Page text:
Gohil Rajput

Gohil Rajput

The Gohil, ruled parts of Saurashtra region of present-day Gujarat state of India as subordinates or independents starting 12th century. Their origin is traced to Guhila dynasty of Mewar and they had migrated to Saurashtra in 12th century. The earliest known inscription of Gohils is found from Mangrol so they must be ruling in southwest of peninsula under Chaulukya dynasty. They later moved to the east coast where they established themselves and the region came to be known as Gohilwad and ruled till the independence of India in 1947. The erstwhile princely states of Bhavnagar, Palitana, Lathi, Vala and Rajpipla belonged to Gohil rulers.

Traditionally, Gohils trace their origin to the king named Shalivahana. D. R. Bhandarkar, C. V. Vaidya and Gaurishankar Oza have established origin of Gohils with Guhila dynasty of Medapata (Guhilots of Mewar). This Shalivahana is identified with Shalivahana, the Guhila king of Medapata. He mentioned in Atpur (Ahar) inscription of his son Shaktikumara dated 977 CE (VS 1034). He is sometimes misidentified with Shalivahana of south who is sometimes associated with Saka Era. Guhilas considered themselves as Suryavanshi.

Gohil kings

Mohadasa

It is said that a descendant of Salivahana settled in Khera-gadh on the banks of Luni river in the Jodhpur State. The last prince of Khera, Mohadasa, was killed by Siaji, grandson of the Rathod ruler ‘Jayacandra’ of Kanauj, according to the tradition.

Sejakji

Traditions say that Mohadasa’s grandson, Sejakji (1194–1254 CE or 1240–1290 CE), migrated to Saurashtra about VS 1250 and entered in service of Chudasama king Mahipala ruling from Junagadh. He obtained 12 villages around Sapur and from his progeny descended the Gohils of Saurashtra and other regions. According to Bardic accounts, he entered in service of another Chudasama king Kavat and had his daughter Valamkunvarba married to Khengar, son of Kavat. Kavat gave him a grant of Shahpur and surrounding twelve villages in Panchal (central Sairashtra). Sejakji’s sons Shahji and Saranji obtained Mandvi Chovisi and Arthila Chovisi due to interests of their sister Valamkunvarba. The rulers of Palitana State and Lathi State traces their ancestry to these two brothers. James W. Watson, in Gazetteer of the Bombay Presidency: Kathiawar Volume VIII (1884) had given VS 1290 and reason as their rivalry with Rathods. Sejakji is reported to have established new village named Sejakpur and won several villages surrounding it.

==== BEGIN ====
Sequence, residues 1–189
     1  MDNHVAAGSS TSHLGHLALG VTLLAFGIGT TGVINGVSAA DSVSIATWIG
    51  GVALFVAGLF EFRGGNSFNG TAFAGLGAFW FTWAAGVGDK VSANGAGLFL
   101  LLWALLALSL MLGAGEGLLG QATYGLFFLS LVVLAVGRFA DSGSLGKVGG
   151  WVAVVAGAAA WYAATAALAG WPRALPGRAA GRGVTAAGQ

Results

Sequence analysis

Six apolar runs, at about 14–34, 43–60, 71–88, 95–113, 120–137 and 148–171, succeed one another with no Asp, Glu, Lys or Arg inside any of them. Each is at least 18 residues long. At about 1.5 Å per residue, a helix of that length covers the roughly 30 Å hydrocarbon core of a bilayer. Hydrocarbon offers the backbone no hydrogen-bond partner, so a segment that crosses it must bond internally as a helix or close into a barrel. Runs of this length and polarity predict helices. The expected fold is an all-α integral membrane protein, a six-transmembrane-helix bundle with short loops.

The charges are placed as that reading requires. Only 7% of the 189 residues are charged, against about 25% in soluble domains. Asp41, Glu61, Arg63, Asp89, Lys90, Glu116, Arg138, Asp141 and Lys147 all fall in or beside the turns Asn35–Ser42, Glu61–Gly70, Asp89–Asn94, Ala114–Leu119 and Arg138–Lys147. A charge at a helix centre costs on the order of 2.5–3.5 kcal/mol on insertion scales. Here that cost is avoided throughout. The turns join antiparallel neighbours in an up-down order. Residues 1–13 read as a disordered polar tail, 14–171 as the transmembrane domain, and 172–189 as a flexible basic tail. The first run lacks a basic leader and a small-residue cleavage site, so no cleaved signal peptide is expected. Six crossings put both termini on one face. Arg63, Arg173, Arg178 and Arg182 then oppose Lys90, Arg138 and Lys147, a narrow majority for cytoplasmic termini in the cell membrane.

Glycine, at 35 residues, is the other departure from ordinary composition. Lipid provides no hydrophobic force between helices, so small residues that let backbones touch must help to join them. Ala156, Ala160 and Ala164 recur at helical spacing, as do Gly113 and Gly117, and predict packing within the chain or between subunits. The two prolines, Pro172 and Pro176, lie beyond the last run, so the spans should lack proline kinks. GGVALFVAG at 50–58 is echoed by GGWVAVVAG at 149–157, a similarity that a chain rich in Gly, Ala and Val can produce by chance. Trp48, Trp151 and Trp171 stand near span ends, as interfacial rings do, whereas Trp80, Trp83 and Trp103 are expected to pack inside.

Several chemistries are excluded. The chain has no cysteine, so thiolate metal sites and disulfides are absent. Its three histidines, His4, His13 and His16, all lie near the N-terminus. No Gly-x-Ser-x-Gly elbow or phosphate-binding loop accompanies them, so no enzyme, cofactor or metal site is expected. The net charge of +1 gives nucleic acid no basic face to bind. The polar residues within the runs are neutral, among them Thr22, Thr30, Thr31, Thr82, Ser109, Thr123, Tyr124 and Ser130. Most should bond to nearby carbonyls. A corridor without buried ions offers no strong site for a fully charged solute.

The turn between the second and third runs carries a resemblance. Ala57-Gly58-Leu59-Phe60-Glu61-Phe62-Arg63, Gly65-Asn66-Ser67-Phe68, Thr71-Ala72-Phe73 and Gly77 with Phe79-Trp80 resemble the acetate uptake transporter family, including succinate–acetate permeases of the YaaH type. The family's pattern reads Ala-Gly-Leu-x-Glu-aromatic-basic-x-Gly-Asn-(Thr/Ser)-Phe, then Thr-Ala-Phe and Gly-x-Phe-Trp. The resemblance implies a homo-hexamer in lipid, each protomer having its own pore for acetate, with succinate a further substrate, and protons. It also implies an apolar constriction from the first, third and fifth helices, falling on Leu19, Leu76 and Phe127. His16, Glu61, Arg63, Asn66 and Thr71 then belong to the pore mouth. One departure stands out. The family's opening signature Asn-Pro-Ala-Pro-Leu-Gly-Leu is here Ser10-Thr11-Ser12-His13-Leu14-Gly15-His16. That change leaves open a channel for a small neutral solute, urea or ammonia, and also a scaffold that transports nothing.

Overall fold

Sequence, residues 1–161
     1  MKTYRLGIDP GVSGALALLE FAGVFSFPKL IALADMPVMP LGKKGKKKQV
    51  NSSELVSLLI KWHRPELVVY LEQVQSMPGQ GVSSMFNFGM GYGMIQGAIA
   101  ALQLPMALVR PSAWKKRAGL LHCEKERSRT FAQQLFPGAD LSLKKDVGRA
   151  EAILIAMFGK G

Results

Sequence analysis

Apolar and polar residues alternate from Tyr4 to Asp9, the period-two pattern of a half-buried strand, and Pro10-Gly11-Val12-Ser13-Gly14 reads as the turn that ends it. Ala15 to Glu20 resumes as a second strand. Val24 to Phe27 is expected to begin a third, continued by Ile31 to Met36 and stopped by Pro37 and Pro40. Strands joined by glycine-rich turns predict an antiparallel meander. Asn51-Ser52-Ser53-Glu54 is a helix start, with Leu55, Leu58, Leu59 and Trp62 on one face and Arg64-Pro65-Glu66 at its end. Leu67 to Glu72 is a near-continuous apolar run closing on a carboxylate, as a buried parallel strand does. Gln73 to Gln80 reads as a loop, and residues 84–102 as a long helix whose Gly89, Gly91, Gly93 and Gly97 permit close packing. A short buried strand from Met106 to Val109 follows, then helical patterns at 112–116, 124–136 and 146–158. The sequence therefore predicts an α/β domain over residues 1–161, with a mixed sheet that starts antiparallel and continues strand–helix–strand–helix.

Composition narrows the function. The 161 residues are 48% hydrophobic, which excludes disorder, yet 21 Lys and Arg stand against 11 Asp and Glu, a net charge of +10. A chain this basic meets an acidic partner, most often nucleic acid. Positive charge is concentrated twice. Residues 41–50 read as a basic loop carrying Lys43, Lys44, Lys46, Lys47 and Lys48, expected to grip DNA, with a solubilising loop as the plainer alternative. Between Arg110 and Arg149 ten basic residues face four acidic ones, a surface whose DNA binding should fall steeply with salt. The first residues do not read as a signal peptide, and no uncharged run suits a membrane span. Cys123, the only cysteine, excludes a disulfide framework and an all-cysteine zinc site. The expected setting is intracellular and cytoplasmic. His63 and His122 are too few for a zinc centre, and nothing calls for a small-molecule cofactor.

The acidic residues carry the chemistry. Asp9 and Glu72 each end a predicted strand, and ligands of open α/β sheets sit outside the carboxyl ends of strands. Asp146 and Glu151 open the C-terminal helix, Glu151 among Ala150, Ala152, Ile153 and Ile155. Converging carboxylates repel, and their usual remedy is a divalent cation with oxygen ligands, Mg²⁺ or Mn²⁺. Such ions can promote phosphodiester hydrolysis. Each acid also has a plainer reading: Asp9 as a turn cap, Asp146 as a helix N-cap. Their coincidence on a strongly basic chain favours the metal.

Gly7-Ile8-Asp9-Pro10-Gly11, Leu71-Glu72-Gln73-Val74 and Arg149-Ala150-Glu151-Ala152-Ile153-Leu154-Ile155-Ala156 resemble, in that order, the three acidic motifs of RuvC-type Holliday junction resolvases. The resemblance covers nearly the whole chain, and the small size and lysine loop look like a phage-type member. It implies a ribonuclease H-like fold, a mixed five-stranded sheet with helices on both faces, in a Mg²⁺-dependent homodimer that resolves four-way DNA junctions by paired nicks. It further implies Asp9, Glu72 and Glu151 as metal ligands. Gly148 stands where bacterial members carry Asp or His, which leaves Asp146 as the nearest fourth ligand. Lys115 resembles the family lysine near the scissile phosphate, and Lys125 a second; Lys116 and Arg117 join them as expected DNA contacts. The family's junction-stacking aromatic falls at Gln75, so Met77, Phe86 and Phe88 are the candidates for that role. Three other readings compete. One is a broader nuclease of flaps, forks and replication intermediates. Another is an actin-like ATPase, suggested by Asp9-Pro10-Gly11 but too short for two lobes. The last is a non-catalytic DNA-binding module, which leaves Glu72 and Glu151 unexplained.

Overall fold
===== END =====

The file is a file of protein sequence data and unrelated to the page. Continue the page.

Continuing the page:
Ranaji and Visoji

Ranaji/Ranoji (1254–1309 CE or 1290–1309 CE), descendant of Sejakji, established Ranpur and moved their capital to it. With help of Koli forces of Dhanmer, he captured Vala (Vallabhipur). It is told that he died in battle with forces of Ahmedabad, the capital of Gujarat Sultanate. Virbhadra Singhji has identified him as the grandson of Sejakji while other sources identify him as a son of Sejakji.

Mokhadaji

Ranaji’s son, Mokhadaji (1309–1347 CE) captured Bhimdad from Vala Rajput and Umrala from Kolis. Then he captured Khokhra and later Ghogha expelling Muslim Kasbati (chief). From Baria Kolis, he conquered the Piram Island in the Gulf of Cambay. He established himself there and took up piracy. This irked Delhi Sultan Muhammad bin Tughluq who was in Gujarat to quell rebellion. After hard-fought battle, he killed Mokhadaji and captured Ghogha and Piram island in 1347 CE.

Descendant States

The rulers of Palitana and Lathi States trace their ancestry to Shahji and Saranji, two sons of Sejakji.  Mokhadaji’s elder son Dungarji (1347–1370) fled to Und-Saravaiyawad but he was captured by the Delhi forces. He was later reinstated as a chief of Ghogha and regained his father’s possession of Umrala. His successor Visoji (1370-1395) was involved in a dispute of Jani and Rana clans of Audichya Brahman landlords of Sihor. Jani clan summoned Visoji while Rana clan summoned Kandhoji Gohil of Gariadhar. Visoji defeated Kandhoji and captured Sihor. He fortified it and made it his capital.

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